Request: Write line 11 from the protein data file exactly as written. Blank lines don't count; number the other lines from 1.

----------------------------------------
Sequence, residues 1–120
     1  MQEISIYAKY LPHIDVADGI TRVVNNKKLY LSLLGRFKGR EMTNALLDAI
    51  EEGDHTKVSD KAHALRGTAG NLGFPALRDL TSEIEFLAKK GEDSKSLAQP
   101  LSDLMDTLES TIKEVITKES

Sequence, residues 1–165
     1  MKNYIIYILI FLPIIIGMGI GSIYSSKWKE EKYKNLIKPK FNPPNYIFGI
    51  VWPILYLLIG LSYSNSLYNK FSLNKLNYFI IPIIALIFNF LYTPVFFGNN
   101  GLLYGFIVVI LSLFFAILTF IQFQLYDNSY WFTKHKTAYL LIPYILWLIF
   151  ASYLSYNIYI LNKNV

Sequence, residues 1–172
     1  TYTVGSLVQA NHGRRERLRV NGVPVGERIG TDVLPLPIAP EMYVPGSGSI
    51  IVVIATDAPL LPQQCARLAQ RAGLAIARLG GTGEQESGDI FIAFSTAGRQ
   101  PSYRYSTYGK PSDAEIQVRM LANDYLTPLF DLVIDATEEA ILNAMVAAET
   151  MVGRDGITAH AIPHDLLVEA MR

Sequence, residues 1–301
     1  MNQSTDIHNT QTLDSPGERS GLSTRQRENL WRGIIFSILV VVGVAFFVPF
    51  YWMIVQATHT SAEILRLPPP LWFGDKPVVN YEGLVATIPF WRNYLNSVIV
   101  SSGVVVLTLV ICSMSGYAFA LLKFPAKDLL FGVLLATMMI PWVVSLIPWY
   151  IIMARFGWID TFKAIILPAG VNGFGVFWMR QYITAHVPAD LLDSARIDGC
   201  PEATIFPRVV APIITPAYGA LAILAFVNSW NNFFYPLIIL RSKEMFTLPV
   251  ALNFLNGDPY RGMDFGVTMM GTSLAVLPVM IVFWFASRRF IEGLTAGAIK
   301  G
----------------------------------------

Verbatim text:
     1  TYTVGSLVQA NHGRRERLRV NGVPVGERIG TDVLPLPIAP EMYVPGSGSI